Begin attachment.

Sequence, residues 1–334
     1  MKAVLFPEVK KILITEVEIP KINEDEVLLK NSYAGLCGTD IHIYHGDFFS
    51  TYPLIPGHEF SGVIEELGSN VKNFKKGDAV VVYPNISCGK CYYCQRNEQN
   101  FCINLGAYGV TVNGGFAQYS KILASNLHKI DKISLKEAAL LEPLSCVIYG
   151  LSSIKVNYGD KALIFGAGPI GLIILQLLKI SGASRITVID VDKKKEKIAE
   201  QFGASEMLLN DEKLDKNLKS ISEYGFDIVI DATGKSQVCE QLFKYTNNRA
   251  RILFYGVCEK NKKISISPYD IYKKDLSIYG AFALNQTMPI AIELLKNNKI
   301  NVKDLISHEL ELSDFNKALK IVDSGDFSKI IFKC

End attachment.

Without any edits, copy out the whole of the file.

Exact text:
Sequence, residues 1–334
     1  MKAVLFPEVK KILITEVEIP KINEDEVLLK NSYAGLCGTD IHIYHGDFFS
    51  TYPLIPGHEF SGVIEELGSN VKNFKKGDAV VVYPNISCGK CYYCQRNEQN
   101  FCINLGAYGV TVNGGFAQYS KILASNLHKI DKISLKEAAL LEPLSCVIYG
   151  LSSIKVNYGD KALIFGAGPI GLIILQLLKI SGASRITVID VDKKKEKIAE
   201  QFGASEMLLN DEKLDKNLKS ISEYGFDIVI DATGKSQVCE QLFKYTNNRA
   251  RILFYGVCEK NKKISISPYD IYKKDLSIYG AFALNQTMPI AIELLKNNKI
   301  NVKDLISHEL ELSDFNKALK IVDSGDFSKI IFKC